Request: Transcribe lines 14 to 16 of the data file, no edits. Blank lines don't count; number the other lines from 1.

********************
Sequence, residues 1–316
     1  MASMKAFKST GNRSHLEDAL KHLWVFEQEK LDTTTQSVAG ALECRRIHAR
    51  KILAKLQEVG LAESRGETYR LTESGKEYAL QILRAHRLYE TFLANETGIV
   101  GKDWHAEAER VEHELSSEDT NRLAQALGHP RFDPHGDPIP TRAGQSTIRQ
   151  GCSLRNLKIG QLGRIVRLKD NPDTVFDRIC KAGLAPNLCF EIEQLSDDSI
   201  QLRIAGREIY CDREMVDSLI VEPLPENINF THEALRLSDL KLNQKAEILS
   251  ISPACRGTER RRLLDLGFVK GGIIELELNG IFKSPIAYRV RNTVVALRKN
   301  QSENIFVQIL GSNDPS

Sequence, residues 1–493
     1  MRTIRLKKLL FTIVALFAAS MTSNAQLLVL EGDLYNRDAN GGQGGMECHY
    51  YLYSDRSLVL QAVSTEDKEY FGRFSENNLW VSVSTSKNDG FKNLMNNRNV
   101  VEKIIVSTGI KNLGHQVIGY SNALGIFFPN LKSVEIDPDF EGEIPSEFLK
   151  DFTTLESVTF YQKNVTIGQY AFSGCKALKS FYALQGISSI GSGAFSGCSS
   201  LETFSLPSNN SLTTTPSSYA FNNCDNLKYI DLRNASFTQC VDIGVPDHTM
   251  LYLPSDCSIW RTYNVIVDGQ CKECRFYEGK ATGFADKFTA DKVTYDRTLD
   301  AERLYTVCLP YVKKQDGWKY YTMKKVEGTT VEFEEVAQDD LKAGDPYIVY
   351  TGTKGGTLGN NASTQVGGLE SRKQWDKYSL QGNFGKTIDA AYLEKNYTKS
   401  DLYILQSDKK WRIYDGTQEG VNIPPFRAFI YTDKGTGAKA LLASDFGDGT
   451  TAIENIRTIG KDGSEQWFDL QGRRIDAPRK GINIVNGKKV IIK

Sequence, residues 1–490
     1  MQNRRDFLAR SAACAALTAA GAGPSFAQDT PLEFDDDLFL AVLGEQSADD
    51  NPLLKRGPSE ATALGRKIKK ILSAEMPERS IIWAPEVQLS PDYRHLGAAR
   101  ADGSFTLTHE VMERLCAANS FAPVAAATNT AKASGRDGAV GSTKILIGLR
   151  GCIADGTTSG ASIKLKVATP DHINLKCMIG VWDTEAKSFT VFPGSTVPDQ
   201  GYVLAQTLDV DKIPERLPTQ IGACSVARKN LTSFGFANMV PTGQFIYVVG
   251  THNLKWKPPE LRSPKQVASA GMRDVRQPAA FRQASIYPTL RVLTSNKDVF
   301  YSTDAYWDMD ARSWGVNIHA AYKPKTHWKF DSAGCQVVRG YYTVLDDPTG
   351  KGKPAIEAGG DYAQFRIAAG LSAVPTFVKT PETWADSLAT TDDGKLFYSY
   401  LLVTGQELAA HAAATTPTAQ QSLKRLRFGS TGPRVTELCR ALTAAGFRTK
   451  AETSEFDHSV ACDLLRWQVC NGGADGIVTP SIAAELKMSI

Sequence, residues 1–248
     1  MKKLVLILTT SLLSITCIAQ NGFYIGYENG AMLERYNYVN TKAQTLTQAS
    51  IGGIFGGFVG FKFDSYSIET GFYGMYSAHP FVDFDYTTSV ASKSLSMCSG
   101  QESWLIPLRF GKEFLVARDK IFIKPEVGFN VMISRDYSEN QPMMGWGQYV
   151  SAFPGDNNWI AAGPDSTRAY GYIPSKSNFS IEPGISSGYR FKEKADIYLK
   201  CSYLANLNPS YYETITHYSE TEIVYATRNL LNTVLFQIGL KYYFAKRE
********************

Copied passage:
   201  LETFSLPSNN SLTTTPSSYA FNNCDNLKYI DLRNASFTQC VDIGVPDHTM
   251  LYLPSDCSIW RTYNVIVDGQ CKECRFYEGK ATGFADKFTA DKVTYDRTLD
   301  AERLYTVCLP YVKKQDGWKY YTMKKVEGTT VEFEEVAQDD LKAGDPYIVY